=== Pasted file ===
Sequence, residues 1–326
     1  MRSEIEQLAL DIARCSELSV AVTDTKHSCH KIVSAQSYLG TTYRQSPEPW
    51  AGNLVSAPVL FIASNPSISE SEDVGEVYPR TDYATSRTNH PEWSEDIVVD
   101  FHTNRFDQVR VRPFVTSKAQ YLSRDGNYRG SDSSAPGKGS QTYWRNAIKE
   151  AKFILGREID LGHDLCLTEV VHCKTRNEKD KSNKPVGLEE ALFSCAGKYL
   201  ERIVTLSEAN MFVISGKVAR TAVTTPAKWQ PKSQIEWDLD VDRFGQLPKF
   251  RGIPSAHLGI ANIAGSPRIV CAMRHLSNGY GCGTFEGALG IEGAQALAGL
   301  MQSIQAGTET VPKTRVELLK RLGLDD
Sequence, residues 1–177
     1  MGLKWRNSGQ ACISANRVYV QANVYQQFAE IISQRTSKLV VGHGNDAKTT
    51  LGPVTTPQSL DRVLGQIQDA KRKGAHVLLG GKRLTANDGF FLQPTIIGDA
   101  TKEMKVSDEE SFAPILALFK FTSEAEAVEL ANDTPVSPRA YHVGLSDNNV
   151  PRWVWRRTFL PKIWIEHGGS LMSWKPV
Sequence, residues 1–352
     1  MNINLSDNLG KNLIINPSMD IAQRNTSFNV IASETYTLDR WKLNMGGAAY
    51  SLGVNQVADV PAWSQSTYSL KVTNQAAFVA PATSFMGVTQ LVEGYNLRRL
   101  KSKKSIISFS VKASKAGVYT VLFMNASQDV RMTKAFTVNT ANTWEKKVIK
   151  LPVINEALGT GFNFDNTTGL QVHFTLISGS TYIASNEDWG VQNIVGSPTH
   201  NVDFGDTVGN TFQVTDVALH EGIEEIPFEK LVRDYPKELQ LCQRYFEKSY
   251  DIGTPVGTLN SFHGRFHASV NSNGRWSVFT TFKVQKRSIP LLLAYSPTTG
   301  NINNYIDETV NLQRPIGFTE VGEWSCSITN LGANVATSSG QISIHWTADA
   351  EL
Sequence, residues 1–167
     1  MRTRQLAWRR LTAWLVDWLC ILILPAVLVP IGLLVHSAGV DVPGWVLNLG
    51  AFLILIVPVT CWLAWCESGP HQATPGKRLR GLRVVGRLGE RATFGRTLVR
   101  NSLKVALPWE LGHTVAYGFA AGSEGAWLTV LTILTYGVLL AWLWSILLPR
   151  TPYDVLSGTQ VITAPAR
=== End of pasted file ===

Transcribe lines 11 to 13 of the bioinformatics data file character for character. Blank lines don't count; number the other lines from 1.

    51  LGPVTTPQSL DRVLGQIQDA KRKGAHVLLG GKRLTANDGF FLQPTIIGDA
   101  TKEMKVSDEE SFAPILALFK FTSEAEAVEL ANDTPVSPRA YHVGLSDNNV
   151  PRWVWRRTFL PKIWIEHGGS LMSWKPV